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L.A. Council Approves Much Anticipated Mural Ordinance

The Los Angeles City Council tentatively approved an ordinance Wednesday that would lift a decade-long prohibition on murals adorning privately owned buildings, a move that one council member said would restore the city’s reputation as the “mural capital of the world.”

The measure, which still must come back for final council approval, was approved on a 13-2 vote, with Paul Koretz and Bob Blumenfield dissenting.

The only sticking point in the ordinance was whether to allow murals on single-family homes. The ordinance given tentative approval would not allow murals on homes, but the council asked its staff to report back on a possible “opt-in” process for specific communities to allow them on single-family residences.

“The city of Los Angeles was known as a place where we supported the arts, where we had free expression on our walls,” according to Councilman Jose Huizar, who said he represents Eastside communities that have long embraced mural art.

The murals, often depicting images of cultural and historical figures not taught in schools, gave him an informal education growing up, he said.

Since the ban, which was put in place amid litigation over commercial advertising, city officials have been “grappling” with a way to bring murals back to the city, with efforts to reverse the ban dragging on for a decade, Huizar said.

“We said no to our artists for the last decade, and I truly think it’s time to say yes,” he said.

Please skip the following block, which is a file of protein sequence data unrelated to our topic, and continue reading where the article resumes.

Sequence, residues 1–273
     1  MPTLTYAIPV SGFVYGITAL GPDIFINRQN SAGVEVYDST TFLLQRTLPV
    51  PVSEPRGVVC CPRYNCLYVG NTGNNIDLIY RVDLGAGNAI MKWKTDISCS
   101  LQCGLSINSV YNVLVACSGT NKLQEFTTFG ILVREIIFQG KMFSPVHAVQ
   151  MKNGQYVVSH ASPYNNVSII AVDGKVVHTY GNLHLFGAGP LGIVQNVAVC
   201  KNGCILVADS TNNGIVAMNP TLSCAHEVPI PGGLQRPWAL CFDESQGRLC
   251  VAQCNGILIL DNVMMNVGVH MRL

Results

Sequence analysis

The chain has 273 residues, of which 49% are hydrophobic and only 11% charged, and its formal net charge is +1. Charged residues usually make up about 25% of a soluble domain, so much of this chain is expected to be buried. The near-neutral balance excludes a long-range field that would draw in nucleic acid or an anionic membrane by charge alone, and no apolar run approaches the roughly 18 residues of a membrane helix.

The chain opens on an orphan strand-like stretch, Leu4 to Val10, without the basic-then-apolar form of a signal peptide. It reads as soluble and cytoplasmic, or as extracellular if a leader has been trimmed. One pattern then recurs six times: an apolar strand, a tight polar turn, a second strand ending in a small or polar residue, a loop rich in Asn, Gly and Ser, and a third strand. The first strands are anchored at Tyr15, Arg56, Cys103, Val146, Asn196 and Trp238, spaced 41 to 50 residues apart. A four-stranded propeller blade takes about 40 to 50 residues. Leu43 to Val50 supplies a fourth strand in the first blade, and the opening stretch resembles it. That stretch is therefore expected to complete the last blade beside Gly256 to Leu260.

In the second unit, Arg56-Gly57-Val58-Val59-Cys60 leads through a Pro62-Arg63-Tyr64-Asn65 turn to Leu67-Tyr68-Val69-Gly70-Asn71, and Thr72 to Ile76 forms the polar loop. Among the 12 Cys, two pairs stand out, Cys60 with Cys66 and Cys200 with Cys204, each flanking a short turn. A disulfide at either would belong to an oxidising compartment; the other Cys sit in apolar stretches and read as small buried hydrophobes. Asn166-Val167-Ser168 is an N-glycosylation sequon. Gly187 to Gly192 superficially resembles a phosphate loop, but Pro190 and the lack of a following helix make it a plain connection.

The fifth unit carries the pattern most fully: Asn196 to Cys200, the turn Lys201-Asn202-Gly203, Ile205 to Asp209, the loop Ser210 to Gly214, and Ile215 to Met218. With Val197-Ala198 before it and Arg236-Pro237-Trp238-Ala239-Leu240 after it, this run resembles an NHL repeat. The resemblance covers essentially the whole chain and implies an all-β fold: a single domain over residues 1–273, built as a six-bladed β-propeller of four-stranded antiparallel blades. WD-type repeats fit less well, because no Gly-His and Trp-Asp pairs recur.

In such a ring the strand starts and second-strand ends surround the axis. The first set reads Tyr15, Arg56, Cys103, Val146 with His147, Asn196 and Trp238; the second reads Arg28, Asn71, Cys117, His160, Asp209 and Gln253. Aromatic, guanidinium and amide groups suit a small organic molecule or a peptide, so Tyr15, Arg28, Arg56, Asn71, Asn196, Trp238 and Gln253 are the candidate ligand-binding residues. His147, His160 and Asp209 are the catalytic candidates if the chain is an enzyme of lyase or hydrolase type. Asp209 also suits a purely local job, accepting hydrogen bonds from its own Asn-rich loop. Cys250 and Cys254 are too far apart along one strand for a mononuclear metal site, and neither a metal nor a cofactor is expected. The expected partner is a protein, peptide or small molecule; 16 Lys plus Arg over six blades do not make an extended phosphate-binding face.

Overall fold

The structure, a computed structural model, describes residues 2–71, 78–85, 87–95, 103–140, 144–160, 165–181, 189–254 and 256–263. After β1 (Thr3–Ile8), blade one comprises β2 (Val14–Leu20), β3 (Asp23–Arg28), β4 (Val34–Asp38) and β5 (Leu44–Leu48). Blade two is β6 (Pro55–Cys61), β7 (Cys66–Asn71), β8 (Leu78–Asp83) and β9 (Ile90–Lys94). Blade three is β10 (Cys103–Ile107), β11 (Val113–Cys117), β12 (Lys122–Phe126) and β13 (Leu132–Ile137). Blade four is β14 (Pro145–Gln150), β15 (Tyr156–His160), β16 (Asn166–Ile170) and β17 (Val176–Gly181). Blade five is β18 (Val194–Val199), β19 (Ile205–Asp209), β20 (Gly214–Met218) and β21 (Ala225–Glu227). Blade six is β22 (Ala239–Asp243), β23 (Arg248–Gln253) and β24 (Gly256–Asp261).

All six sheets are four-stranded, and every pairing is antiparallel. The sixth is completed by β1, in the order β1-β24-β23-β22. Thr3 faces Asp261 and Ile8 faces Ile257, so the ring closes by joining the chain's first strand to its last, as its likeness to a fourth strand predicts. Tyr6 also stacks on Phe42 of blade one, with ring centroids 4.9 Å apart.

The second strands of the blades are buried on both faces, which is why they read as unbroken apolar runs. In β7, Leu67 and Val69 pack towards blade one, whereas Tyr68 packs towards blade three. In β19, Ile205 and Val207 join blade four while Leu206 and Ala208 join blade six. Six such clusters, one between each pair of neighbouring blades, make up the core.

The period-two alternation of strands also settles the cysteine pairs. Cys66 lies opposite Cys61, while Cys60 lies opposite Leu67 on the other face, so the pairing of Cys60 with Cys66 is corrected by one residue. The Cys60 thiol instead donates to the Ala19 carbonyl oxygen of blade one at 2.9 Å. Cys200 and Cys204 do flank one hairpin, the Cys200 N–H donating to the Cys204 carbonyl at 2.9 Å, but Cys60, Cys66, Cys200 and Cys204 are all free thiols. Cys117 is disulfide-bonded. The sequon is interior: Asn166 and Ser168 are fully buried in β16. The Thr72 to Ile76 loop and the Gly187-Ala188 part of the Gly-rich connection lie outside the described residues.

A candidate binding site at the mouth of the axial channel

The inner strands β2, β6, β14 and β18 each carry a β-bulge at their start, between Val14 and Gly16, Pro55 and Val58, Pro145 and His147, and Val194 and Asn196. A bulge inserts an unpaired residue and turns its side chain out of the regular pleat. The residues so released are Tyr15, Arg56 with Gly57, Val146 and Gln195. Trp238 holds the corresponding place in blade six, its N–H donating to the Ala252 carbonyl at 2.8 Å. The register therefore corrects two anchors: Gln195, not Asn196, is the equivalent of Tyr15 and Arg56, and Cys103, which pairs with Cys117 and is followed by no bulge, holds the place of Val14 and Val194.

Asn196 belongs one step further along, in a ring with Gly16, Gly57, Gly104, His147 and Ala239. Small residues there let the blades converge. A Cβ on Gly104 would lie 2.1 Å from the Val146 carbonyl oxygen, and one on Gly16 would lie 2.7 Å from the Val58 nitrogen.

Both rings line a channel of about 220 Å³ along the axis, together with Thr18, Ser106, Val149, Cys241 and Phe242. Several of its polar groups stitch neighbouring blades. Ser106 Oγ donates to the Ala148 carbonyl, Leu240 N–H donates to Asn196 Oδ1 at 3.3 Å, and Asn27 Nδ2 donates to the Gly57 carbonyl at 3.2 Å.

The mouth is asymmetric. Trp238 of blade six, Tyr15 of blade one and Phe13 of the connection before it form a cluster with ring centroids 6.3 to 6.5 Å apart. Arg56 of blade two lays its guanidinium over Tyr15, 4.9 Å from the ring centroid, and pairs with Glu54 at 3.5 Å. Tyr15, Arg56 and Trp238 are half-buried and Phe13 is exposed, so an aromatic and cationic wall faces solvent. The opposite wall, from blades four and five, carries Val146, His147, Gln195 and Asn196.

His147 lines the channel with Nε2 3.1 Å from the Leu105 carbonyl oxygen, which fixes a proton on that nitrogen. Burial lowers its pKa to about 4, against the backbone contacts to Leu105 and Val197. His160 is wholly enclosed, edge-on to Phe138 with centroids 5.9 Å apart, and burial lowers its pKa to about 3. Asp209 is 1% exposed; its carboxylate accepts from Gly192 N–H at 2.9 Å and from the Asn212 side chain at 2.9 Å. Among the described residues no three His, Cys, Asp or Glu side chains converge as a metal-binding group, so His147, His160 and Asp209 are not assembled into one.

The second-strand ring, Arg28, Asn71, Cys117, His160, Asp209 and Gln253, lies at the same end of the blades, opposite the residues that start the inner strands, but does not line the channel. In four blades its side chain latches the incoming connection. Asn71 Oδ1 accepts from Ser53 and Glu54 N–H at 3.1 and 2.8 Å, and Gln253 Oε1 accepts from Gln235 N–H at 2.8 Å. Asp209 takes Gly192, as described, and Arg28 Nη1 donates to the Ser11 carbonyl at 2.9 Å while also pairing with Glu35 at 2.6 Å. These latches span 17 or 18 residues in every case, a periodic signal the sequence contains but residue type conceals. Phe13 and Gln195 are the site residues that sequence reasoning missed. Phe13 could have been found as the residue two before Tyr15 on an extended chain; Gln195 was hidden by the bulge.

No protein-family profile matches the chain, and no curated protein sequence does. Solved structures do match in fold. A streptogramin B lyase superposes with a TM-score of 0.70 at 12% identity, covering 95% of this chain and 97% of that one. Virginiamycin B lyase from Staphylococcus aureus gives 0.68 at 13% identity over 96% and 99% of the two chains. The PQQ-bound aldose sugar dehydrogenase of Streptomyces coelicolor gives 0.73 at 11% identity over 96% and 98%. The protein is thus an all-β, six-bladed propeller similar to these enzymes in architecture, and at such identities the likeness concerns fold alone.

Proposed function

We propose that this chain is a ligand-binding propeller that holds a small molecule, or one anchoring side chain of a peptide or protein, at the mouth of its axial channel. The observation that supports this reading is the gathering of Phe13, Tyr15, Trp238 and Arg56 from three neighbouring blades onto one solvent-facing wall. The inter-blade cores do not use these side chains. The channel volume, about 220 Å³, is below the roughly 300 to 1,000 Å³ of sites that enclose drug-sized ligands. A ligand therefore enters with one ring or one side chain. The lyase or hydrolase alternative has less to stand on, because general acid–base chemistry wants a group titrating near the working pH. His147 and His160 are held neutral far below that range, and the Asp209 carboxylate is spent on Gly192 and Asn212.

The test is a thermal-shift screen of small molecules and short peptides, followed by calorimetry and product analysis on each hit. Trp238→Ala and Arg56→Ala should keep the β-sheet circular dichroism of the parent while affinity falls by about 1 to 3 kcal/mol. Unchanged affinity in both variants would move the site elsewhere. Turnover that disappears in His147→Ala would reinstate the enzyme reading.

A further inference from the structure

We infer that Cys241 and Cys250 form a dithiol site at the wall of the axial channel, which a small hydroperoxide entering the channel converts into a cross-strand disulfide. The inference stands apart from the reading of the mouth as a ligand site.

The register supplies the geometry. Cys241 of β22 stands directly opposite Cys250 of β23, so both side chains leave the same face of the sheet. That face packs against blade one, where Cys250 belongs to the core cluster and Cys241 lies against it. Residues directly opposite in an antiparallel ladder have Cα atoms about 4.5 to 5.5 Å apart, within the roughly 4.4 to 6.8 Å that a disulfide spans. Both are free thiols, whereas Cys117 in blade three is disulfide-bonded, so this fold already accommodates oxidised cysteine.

Huizar noted that relatively few murals – about 2 to 3 percent of those in the city – are painted on single-family homes.

Koretz, who represents a Westside district that includes Bel Air, said he opposed the ordinance because he “got no calls (from constituents) wantingthe murals in their community.”

Some critics of lifting the ban have raised concerns about people painting objectionable or offensive imagery, including hate speech and swastikas. But council members heard from a string of artists and well-known figures in the mural art world who implored the council to lift the ban.

Mural Conservancy Executive Isabel Rojas-Williams, flanked by “legendary mural artist” Kent Twitchell and the niece of celebrated Mexican muralist David Alfaro Siqueiros, told the council “the mural community stands united before you to ask that you put an end to the dark ages of muralism in Los Angeles.”

The conservancy participates in a variety of public mural restoration projects, including restoration of several iconic freeway murals that were commissioned by former Mayor Tom Bradley for the 1984 Summer Olympics.

One muralist, in beseeching the council to approve the mural ordinance, said, “I’m ready to paint. I would love it if you would pass it.”

Huizar, chairman of the council’s Planning and Land Use Management Committee, said lifting the ban would re-establish Los Angeles as the “mural capital of the world.”